I find some rituals in Hindu marriages quite outrageous but never spoke about them as religious traditions are supposed to be the gifts of our ancestors and are supposed to be blindly followed.
Though I am a staunch believer of equality between men and women I kept attending Hindu marriages with the ritual of Kanyadaan http://amzn.to/2iyoY8N though not being able to digest it. I am not against any religion but I feel that like laws some rituals should also be amended with the changing times.
I was delighted to meet a woman priest ( though very rare) in one of the Indian marriages who was performing the marriage ceremony. The vows that she made the Bride and the groom recite brought tears to my eyes. I started feeling very small in front of her. Lo ! She is following what I had been dreaming to follow for so many years. The vows were as under:-
I will encourage and support you and I would want you to do the same: You’ll have loads of people to criticize and put you down, so it’ll be a welcome change to have someone, who doesn’t doubt you but supports you wholeheartedly.
I will give you your space and expect the same from you: While it’s good to work as a team, there are times when I will need a breather, to spend some quality time alone. You need to do the same so that we both can work well together and make our marriage work.
I will expect you to not hurt me and I will do the same: Amidst countless arguments and lifestyle adjustments, it’s so easy to turn nasty and hurt each other. While I don’t expect you to be a saint, be kind and think about how your words and actions affect me.
I will treat you the way I want to be treated: I will lead by example and if I want you to be my Prince Charming, I will treat you like that (except for when it comes to picking up your dirty dishes).
I will have some boundaries and so should you: While it’s okay to make mistakes, let our identities not be lost in trying to make the marriage work. We both should stand up for our beliefs. It’s completely okay to say no and walk away sometimes.
I will on some days just listen and not ask for a reason: An open mind will help me understand and deal with problems better than a prejudiced mind that has already reached the worse possible conclusion.
I will love myself as much as I love you (maybe even a teeny bit more): Because to give you my best, I need to be happy myself. Constantly putting your needs over mine is just going to lead to me being bitter.
I will forgive you and you expect the same: Marriage is forever a work in progress and we both will make mistakes. Let’s promise to forgive each other but also try and live up to each other’s expectations.
I will love you the way you are: While I will try and teach you how to fold the towel my way, and cook a Sunday meal on my day off, I will mostly love you. Even, when you leave laundry around the house and don’t keep things back in their place. And I hope you take the same view when I wish to not cook and sleep instead.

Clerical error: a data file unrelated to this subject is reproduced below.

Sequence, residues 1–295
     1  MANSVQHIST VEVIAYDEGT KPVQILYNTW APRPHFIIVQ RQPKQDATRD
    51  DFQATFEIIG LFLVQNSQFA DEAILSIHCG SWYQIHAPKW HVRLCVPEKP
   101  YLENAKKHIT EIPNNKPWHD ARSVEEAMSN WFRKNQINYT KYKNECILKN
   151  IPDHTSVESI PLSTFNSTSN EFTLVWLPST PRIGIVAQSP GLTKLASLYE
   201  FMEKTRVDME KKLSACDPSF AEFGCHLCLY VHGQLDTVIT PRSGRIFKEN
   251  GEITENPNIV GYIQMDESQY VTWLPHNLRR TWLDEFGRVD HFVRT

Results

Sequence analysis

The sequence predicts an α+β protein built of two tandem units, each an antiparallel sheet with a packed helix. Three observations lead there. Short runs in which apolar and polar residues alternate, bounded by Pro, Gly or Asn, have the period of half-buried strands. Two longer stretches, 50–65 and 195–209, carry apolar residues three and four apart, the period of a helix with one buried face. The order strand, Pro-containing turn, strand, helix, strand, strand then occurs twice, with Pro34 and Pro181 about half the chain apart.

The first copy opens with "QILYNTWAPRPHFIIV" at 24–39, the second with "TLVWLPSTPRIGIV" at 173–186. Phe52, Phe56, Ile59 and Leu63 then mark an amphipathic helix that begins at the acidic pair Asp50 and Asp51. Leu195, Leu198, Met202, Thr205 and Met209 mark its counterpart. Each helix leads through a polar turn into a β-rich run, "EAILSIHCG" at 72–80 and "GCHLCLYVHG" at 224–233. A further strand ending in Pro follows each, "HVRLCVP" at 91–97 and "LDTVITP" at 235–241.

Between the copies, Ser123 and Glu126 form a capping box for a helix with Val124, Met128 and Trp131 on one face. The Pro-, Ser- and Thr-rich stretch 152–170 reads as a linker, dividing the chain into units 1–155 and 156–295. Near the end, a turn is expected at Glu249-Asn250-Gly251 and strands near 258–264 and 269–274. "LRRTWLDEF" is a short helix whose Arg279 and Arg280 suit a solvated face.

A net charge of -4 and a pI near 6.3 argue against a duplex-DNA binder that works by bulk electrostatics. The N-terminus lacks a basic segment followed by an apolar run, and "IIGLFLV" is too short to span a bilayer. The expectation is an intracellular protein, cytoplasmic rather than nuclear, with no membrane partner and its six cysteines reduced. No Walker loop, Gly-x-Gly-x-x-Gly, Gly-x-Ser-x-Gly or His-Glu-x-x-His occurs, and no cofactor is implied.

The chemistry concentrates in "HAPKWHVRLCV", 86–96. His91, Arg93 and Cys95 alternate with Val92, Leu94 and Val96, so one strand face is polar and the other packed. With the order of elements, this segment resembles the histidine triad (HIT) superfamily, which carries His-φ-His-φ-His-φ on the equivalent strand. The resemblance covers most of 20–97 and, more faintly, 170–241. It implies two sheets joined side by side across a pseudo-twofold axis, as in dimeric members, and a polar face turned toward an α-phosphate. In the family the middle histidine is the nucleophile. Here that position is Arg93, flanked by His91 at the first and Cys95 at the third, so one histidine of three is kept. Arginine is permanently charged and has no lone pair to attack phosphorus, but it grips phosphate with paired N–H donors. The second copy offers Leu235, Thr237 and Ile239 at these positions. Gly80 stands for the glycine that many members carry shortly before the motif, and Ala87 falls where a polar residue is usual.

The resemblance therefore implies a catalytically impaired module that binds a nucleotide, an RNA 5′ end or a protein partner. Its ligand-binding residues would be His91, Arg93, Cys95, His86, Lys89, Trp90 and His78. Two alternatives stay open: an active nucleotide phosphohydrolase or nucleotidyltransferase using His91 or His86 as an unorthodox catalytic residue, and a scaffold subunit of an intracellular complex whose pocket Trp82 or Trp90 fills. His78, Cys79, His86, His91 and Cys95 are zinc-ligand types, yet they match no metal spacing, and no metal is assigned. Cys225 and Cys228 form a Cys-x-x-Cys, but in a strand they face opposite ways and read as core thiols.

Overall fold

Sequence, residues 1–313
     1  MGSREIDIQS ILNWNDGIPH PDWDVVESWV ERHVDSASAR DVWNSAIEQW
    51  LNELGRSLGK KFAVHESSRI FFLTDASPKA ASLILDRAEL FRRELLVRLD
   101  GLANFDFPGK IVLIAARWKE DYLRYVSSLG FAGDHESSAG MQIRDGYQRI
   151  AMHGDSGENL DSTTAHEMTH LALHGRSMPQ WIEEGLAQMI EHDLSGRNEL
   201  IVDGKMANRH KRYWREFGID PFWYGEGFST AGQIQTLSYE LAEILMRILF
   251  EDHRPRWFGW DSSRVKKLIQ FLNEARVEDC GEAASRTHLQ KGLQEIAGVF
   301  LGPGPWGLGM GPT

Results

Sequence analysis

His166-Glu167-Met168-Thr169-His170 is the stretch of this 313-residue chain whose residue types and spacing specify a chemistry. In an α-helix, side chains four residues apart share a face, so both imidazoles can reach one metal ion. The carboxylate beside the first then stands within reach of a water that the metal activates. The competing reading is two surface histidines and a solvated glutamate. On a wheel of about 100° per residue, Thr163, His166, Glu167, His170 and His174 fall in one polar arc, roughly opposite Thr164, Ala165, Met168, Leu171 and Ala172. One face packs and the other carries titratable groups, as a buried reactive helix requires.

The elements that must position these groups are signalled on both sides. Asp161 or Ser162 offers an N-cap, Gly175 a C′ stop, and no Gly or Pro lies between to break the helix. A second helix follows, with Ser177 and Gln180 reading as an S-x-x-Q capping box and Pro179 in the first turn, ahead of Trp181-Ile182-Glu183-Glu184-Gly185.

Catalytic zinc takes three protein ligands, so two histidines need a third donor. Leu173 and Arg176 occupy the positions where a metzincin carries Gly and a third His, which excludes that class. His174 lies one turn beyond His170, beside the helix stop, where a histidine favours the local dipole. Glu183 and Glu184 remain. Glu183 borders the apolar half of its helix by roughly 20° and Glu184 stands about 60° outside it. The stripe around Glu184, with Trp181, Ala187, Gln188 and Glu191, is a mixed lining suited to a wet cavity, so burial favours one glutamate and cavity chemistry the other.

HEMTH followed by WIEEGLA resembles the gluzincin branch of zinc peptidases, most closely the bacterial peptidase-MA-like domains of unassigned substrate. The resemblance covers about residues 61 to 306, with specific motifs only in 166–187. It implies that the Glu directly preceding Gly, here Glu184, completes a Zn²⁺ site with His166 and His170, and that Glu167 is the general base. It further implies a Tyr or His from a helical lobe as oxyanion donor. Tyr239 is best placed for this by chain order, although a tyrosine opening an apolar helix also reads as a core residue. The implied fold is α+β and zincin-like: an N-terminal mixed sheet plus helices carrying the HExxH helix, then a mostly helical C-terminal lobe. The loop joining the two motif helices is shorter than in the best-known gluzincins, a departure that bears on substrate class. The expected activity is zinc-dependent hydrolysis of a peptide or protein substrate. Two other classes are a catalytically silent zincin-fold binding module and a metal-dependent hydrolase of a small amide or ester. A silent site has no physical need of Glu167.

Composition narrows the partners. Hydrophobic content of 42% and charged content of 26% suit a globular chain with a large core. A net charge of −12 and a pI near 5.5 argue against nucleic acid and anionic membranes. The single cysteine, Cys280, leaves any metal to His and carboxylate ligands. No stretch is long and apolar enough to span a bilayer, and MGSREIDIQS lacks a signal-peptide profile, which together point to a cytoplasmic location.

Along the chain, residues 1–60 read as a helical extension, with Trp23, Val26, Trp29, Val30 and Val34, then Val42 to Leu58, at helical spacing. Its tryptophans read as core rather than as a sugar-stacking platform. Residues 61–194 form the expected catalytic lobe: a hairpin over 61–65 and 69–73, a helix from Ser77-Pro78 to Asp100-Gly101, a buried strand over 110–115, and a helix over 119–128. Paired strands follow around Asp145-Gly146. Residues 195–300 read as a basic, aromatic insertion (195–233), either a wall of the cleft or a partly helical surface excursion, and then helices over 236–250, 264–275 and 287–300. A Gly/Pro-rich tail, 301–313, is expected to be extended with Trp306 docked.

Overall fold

I promise to keep our marriage personal: I will not exhibit our arguments and differences to the world unless absolutely necessarily. I will not let a third person into our relationship. It will be about us first, always.
I will respect your parents and family members and expect you to do the same- This actually rarely happens
Another ritual is Kanyadan, wherein the bride is presented to the groom by the girl’s parents. There are mainly three reasons why I find this practice quite weird as well as insulting to the girl.
There are as follows:-
– The bride is not a commodity or a non-living thing to be ‘presented’ to the groom.
– She is supposed to marry, and subsequently stay with her husband, out of her own will and not because she is being ‘presented’ to someone.
– Most importantly, the meaning of dan is ‘donate’. Donations are done as acts of charities. How can you ‘donate’ a human being to someone through an act of charity?
– You do charity to the poor and needy. Is this how you describe a groom? Poor and needy?
All my views on this issue were reinforced by this lady priest by removing the word Kanyadaan from the ritual. Later I got to know that the mother-in-law of the bride had requested the priest for the same. I went GaGa over the mother-in-law. Such a rare species…..
I never show interest in attending those lethargic marriage rituals for two reasons 1) I find them boring and 2) The patriarchal angle. But I was keenly interested in attending the wedding rituals of this wedding simply because they were supposed to be carried out in Arya Samaj by the above mentioned priest through Vedic practice.
And the priest’s method of performing rituals more than lived up to my expectations and eagerness. Being from the Arya Samaj tradition, the lady priest was against patriarchal beliefs and rituals, which was truly heartening. She was especially against the practice of Kanyadan for more or less the same reasons mentioned before.
She was also not those typical marriage priests who simply recite mantras, make the couple perform rituals and leave. She believed in explaining her stand and views.
Some of her statements, while performing the marriage, are as follows:-
– “The girl is not a thing to be presented to someone.”
– “If I donate (dan) this glass to someone, I won’t have any right over it. So, do the parents of the girl lose all rights over her after marriage?”
– “In India, women are considered backward as compared to men. But this was never the case during vedic age.”
– She asked the bride and the groom to welcome each other as wife and husband; something I have never heard before.
But despite my clear views on this issue, I used to avoid speaking on it. However, after listening to this practical and sensible person, I won’t.
There is nothing wrong in being traditional, but not at the expense of embracing patriarchy and objectifying women.
Originally posted 2016-09-12 07:42:19. Republished by Blog Post Promoter